Nanaimo Ladysmith Public Schools seeks input related to Ladysmith Intermediate School, as part of the public consultation process in the long-range facilities plan. The school was built in 1955. (Duck Paterson photo)

Nanaimo Ladysmith Public Schools seeks input related to Ladysmith Intermediate School, as part of the public consultation process in the long-range facilities plan. The school was built in 1955. (Duck Paterson photo)

Nanaimo Ladysmith Public Schools turns its focus to elementary school projects in south end of SD68

School District 68 asking for feedback this month about schools in Ladysmith and North Oyster

Nanaimo Ladysmith Public Schools, after recently making decisions around north-end elementaries, is turning its attention to facilities in the south end of the school district.

With École North Oyster and Ladysmith Primary School over capacity and Ladysmith Intermediate School in need of upgrades, according to a staff report, SD68 will ask people’s opinions on a new Ladysmith Intermediate.

The report noted that Ladysmith Intermediate for pupils in Grades 4-7 “is one of the district’s highest seismic priority schools” and could be on its way to exceeding student capacity.

The school district is holding public consultation until Aug. 31 for three scenarios as part of its long-range facilities plan, said Mark Walsh, secretary-treasurer, at the most recent business committee meeting.

The first option proposes building a new Ladysmith Intermediate for English-speaking and French-immersion students from kindergarten-Grade 7. École North Oyster would no longer be French immersion and Ladysmith Primary would expand to accommodate Grades K-7. In this scenario, described by the report as “the most complex,” the new school would house 450 students and have a $33-million price tag. Included would be a four-classroom expansion at Ladysmith Primary, noted the report, with an estimated cost of $9 million.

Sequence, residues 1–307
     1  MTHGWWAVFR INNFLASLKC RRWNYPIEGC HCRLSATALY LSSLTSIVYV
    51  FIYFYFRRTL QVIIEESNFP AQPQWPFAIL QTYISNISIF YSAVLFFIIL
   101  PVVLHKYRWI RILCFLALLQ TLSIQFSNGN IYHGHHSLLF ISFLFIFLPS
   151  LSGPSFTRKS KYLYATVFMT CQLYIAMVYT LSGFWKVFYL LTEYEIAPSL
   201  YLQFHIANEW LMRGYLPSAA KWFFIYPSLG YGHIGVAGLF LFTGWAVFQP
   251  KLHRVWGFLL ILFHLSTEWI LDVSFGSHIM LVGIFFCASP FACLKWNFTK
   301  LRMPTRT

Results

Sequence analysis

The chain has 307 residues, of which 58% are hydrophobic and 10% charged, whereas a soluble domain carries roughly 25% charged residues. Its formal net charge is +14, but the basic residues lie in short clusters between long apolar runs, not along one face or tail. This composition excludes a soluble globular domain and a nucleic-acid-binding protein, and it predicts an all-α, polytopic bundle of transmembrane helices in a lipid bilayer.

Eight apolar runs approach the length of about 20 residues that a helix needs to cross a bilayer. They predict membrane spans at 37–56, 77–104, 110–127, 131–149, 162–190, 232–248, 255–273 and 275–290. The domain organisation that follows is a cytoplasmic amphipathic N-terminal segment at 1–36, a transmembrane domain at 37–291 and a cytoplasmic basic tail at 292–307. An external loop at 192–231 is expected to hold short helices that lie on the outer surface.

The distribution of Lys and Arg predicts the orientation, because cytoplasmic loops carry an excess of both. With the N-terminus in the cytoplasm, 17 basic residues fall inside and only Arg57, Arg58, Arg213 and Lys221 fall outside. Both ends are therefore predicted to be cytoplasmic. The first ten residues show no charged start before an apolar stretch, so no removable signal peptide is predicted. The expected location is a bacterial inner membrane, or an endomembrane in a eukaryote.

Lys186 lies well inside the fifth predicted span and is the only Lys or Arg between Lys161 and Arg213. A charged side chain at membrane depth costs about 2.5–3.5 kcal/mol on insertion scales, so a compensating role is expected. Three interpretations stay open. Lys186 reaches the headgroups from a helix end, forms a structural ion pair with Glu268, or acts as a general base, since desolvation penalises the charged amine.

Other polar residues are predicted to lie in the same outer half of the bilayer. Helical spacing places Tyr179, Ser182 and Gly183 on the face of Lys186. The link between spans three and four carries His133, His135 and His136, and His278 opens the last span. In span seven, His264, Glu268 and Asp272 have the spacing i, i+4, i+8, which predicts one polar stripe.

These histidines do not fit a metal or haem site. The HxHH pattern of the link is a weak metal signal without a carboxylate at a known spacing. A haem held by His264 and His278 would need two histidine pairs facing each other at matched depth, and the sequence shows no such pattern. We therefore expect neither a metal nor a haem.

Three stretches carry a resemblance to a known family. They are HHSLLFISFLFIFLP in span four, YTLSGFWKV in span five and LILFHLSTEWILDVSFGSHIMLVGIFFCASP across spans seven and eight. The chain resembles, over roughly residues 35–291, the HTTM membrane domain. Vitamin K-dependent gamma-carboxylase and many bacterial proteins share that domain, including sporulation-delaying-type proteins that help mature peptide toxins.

The report noted a majority of the money would come from the B.C. government, but the district would provide funding as well and Walsh stated the option could require the district to sell the school site to help pay for the new build.

The second option proposes replacing Ladysmith Intermediate with a 350-student K-7 school, expanding Ladysmith Primary so it is a K-7 school, also with enrolment of 350, with consideration to expand North Oyster. The new school would cost an estimated $26 million and work at Ladysmith Primary is estimated at $9 million. Similar to the first option, this could see the district selling land.

The final option proposes earthquake mitigation upgrades or a new build at Ladysmith Intermediate’s current French Street site and expanding both Ladysmith Primary and École North Oyster. Ladysmith Intermediate work would be estimated at $26 million, while work at Ladysmith Primary and École North Oyster would be $9 million and $18 million respectively.

Walsh said each of the scenarios would come with opportunities to work with stakeholders.

“The intangibles of, really, all three options is hopefully the opportunity to partner with either the Town of Ladysmith or perhaps Stz’uminus or both, at building a neighbourhood learning centre at whatever facility that we actually [decide on],” Walsh said. “We are trying hard to make sure that whatever we do means a new Ladysmith Intermediate, refurbishing that school, given all the systems are old and the accessibility is just unacceptable, that’s what we’re aiming for.”

District staff is expected to present recommendations to the board, as well as next steps, in the fall.

For more information, go to www.sd68.bc.ca/board/community-engagement/.

To comment, go to https://my.thoughtexchange.com/scroll/663848407/welcome or e-mail consultation@sd68.bc.ca.

RELATED: SD68 projects it will be 26% overcapacity in the next 10 years

READ ALSO: Trustees vote unanimously to re-open Rutherford school



reporter@nanaimobulletin.com

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